The Spectator

A weekly, UK-based magazine covering current political, economic, and cultural issues. Articles include interviews, commentary, opinion pieces, essays, and cultural criticism.

Articles from October 2015

Ancient and Modern: The Emperors of Brussels
As both sides of the great EU debate line up their forces, it is worth reflecting on the implications of the collapse of the Roman republic in the 1st century bc and its transformation into an imperial system under the first emperor Augustus.Romans...
Arts Feature: Of Gods and Men - Egypt at the British Museum
Over the stupefyingly long course of Egyptian history, gods have been born and they have died. Some 4,000 years ago, amid the chaos that marked the fragmentation of the original pharaonic state, an incantation was inscribed on the side of a coffin....
Charles Moore: The Spectator's Notes
An enjoyable aspect of parliamentary rules and conventions is that almost no one understands them. This has become acutely true in an age when the media no longer regularly reports proceedings in Parliament. So when the House of Lords threatened...
Cinema: Spectre
Spectre12A, NationwideSpectre is the 24th film in the Bond franchise, the fourth starring Daniel Craig, the second directed by Sam Mendes, and the first at not much of anything. Nothing new to report, in other words. It probably delivers what the die-hard...
Converting the Corbyn Cult
Before they can talk to the wider electorate, Labour MPs must win a life-or-death argument with their core supporters If Labour is ever to clamber out of its cage on the fringe of politics, it will have to convince the 250,000 supporters who voted...
Dance: Romeo and Juliet; without Stars
Romeo and JulietRoyal Ballet, in rep until 2 DecemberWithout Stars; There We Have BeenThe Place You always remember your first time, don't you? And in ballet one imagines that Juliet wants to remember her first Romeo as a thunderclap. So the Royal...
Dear Mary: Your Problems Solved
Q. Many of our best and oldest friends have done so well they have stopped work. Meanwhile my husband still does a 50-hour week. Our friends must have forgotten what it's like to have to get up at six because they're always amazed when we try to...
Diary: Barry Humphries
I'm counting 'Wows!' Suddenly everyone is using this irritating expletive expressing incredulity, amazement and nothing at all. I've heard it from the lips of daughters in law, professors of literature, rabbis and housewives. No doubt at least one...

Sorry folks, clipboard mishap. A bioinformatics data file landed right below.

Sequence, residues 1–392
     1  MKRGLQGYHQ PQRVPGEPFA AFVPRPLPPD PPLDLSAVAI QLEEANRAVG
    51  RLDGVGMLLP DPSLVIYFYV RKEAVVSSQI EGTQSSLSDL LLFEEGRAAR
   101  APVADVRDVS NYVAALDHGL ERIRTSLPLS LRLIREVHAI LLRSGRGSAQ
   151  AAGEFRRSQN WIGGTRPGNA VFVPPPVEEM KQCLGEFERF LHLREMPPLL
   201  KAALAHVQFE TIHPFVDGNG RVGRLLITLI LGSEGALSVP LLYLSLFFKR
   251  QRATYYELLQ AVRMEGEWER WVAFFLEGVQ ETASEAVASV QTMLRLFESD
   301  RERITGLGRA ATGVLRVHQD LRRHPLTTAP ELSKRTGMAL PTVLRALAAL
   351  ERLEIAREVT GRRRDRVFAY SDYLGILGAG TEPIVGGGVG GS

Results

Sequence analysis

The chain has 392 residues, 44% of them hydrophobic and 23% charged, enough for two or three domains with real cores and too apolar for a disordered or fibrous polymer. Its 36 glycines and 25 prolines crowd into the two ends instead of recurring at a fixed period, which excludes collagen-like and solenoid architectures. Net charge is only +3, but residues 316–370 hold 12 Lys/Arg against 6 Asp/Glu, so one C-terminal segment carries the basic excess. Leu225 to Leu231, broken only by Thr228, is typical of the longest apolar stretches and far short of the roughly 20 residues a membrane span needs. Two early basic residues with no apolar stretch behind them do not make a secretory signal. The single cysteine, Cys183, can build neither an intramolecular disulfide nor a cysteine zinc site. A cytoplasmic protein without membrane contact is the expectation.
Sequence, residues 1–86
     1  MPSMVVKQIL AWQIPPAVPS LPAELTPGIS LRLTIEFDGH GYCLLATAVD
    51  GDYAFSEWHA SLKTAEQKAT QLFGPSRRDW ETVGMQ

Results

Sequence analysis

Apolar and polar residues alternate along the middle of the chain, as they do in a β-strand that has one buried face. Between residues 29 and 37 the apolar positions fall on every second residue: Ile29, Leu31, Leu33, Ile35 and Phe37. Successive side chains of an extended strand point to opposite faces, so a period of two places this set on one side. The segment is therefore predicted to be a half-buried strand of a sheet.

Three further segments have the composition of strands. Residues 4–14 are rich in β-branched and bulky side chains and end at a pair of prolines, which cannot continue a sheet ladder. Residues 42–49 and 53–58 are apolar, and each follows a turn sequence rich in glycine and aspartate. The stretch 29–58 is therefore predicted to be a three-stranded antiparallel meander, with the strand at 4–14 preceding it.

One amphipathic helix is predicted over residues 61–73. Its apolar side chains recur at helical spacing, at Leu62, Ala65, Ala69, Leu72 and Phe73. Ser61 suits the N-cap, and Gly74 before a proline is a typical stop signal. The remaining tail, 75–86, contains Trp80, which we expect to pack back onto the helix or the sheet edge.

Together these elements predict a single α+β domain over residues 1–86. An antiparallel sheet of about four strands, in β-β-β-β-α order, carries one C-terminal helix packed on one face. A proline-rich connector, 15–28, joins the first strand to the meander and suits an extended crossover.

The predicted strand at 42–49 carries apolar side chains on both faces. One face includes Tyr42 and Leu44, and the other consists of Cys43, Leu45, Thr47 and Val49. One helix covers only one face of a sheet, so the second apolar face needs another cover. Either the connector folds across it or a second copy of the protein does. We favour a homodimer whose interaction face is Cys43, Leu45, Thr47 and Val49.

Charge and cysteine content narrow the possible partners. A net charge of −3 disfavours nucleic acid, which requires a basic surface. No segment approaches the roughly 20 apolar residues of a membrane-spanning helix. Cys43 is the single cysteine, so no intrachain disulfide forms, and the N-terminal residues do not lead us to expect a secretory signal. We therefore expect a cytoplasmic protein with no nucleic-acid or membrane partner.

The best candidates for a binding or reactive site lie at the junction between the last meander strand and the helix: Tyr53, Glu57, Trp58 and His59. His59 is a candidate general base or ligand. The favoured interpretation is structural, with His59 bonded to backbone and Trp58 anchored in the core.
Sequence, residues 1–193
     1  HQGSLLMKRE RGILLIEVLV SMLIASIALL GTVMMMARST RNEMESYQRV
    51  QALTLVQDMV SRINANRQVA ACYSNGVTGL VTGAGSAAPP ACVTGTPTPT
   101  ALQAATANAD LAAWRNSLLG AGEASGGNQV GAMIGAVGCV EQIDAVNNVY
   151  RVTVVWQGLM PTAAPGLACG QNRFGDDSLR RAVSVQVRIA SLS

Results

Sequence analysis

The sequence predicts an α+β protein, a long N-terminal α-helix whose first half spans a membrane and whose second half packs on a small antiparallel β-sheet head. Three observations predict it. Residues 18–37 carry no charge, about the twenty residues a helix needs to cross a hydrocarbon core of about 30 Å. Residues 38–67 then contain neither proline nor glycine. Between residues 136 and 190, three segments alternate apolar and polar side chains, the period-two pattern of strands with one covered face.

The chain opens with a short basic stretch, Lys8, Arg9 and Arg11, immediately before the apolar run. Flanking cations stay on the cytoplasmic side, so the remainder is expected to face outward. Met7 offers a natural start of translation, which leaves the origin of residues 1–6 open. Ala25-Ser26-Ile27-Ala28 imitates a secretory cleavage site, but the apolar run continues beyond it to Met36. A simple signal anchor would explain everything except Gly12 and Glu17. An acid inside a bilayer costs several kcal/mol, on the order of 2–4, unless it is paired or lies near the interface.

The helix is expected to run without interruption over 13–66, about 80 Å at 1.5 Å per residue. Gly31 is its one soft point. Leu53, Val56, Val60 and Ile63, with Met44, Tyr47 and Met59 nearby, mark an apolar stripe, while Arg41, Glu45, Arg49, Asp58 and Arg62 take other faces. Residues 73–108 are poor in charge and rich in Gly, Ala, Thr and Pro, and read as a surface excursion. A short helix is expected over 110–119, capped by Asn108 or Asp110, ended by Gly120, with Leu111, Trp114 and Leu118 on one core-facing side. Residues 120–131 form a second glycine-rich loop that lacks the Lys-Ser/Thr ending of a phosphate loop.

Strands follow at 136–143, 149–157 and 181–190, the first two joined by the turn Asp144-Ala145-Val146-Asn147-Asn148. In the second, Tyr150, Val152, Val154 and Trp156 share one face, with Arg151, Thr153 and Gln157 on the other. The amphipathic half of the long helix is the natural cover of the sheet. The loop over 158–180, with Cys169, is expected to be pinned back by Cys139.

'Elephant Complex: Travels in Sri Lanka', by John Gimlette - Review
Elephant Complex: Travels in Sri Lanka John GimletteQuercus, pp.517, £25, ISBN: 9781782067962 For a genre that is frequently dismissed as dead, travel writing is proving a remarkably stubborn survivor. If anything, this year's Stanford Dolman Travel...
Exhibitions: Burden of Proof: The Construction of Visual Evidence
Burden of Proof: The Construction of Visual EvidenceThe Photographers' Gallery, until 10 January 2016 I hadn't really thought much about pixels before, despite spending a large portion of my day looking at them. After all, a pixel is just a tiny unit...
Exhibitions: Modern Scottish Women: Painters and Sculptors 1885-1965
Modern Scottish Women: Painters and Sculptors 1885-1965Scottish National Gallery of Modern Art, until 26 June 2016Modern Scottish Men , a new exhibition celebrating the achievements of male artists in the 20th century, opens next month in Edinburgh....
Exhibitions: The World of Charles and Ray Eames
The World of Charles and Ray EamesBarbican Art Gallery, until 14 February 2016 Peter Mandelson, in his moment of pomp, had his portrait taken by Lord Snowdon. He is sitting on a fine modern chair. Mandy would no doubt have been aware of the ancient...
Food: Tanya Gold
Penny is an all-day café in the former Pit Bar in the basement of the Old Vic, a famous and charismatic theatre on the road to south London. I love the Old Vic on its pavement peninsula on The Cut by Waterloo. Sirens screech past; after a particularly...
Forty Is a Feminist Issue
For older women, the battle for equality is far from won If Emily Hill is right in her cover piece for the magazine last week headlined 'The end of feminism', then women like me are in a whole world of trouble. And by women like me, I mean women over...
France's New Reactionaries
The nation's intellectuals are being roiled by issues of immigration, sovereignty and freedom of expression When President de Gaulle was asked to authorise the criminal prosecution of Jean-Paul Sartre for civil disobedience during the Algerian war,...